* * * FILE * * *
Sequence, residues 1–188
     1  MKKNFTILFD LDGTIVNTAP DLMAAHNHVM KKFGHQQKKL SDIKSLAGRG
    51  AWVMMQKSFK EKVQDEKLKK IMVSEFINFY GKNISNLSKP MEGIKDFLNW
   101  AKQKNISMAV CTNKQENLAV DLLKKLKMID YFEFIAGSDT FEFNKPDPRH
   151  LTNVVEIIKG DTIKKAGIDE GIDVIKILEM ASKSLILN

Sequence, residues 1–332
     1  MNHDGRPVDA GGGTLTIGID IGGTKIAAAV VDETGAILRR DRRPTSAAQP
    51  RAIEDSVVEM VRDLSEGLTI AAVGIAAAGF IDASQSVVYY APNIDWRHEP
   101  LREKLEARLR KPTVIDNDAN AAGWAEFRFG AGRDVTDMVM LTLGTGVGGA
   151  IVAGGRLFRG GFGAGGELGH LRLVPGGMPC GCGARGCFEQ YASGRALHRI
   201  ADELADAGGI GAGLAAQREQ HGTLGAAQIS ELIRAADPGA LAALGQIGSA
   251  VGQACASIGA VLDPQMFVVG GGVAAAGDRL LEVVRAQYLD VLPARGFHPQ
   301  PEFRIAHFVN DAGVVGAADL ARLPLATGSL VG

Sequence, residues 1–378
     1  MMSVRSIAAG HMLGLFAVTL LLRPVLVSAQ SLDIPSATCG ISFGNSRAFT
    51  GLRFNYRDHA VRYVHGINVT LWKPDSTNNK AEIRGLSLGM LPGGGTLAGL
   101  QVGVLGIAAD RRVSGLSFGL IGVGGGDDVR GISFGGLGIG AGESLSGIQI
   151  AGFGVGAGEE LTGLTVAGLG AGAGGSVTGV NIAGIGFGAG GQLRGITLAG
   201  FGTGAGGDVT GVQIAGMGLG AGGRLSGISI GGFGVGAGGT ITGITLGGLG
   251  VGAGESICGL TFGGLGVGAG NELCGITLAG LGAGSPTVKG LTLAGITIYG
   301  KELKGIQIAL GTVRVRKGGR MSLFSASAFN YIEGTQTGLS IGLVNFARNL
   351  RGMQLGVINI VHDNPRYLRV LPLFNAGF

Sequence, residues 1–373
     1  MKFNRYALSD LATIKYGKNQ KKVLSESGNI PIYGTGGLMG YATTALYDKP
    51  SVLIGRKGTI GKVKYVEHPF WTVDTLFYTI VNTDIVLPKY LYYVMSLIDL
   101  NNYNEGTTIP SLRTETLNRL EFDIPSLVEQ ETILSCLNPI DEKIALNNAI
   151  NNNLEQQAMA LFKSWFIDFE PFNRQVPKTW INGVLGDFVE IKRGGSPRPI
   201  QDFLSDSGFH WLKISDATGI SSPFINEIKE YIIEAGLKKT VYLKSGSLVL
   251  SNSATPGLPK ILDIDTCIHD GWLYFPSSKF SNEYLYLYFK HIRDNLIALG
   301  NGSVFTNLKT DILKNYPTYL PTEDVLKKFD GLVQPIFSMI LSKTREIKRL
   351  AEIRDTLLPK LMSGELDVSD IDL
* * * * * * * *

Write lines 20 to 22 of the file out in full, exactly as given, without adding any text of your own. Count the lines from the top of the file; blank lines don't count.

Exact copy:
   251  VGAGESICGL TFGGLGVGAG NELCGITLAG LGAGSPTVKG LTLAGITIYG
   301  KELKGIQIAL GTVRVRKGGR MSLFSASAFN YIEGTQTGLS IGLVNFARNL
   351  RGMQLGVINI VHDNPRYLRV LPLFNAGF